Mick then showed us how to ride the Ural in reverse gear, and selected the two wheel drive mechanism, which transformed the outfit completely. Suddenly it seemed to steer with an almost hyper-sensitive twitchiness, you really needed to be alert and very positive about your throttle control. You could feel the third wheel `digging in’ a bit on the turns as well. I really wanted to ride the outfit off-road, and see how agile it would be through some February mud, but the daylight was fading and our introductory skills day was drawing to a close.

What had we learned? More finesse regarding use of the throttle for one thing, much more about planning every move of our riding too, anticipating any changes in direction, keeping it all smooth – I can’t rate the day highly enough in terms of it making you re-think everything you’ve learned in motorcycle riding. The Ural 750 also teaches you loads about balance, riding purely on the throttle, especially when it is up on two wheels.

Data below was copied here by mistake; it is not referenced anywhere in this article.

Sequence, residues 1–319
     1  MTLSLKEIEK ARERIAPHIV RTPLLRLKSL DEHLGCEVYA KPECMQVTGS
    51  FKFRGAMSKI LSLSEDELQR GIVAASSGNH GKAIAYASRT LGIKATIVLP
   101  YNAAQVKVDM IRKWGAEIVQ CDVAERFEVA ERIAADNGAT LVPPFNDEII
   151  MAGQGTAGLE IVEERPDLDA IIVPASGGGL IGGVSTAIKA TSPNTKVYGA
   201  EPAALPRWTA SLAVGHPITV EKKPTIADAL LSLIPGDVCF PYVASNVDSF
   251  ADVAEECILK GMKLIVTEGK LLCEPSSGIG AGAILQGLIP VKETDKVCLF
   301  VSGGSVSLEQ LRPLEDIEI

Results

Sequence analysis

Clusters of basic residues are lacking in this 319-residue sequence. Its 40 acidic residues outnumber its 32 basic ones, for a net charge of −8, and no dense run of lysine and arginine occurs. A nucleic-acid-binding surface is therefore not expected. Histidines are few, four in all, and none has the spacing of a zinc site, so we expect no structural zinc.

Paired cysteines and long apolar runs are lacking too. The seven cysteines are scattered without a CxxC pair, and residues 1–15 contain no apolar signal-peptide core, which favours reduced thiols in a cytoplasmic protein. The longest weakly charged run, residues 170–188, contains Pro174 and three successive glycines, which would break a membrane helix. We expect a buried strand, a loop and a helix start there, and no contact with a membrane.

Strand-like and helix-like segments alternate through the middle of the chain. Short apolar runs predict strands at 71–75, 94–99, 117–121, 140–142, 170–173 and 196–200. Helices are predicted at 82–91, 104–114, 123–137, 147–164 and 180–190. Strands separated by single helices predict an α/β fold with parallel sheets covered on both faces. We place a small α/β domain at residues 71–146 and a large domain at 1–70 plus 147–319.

As a practical means of transport, I would say the Ural 750 is one of the greenest solutions in the world. It does 50mpg, will probably run on chicken dung and old chip pan oil, and it would take about 57 years of use in a Siberian salt mine to rot its Terminator 2 tough chassis.

The `military’ edition also comes with things like a fuel jerry can, extra spotlight and spare wheel attached, so you could pursue Bin Laden yourself across the foothills of the Himalayas. This is one long-lasting mode of transport, which can boast a true `carbon-neutral’ footprint. Why? Well because the Ural 750 is going to make the journey from newly forged metal to rusting scrapper last a lifetime – a human lifetime that is, not the pathetic lifespan of some poxy `micro’ car, which unglues itself after hitting its third deep pothole on the A41.

It also requires basic owner maintenance, not expensive and time-consuming replacement of various filters, catalysers, data-logging chips and sundry other. Apart from regular oil/filterchanges, new tyres, brake pads and perhaps a few bulbs, I think the Ural 750 could be run for buttons over a 10-15 year period.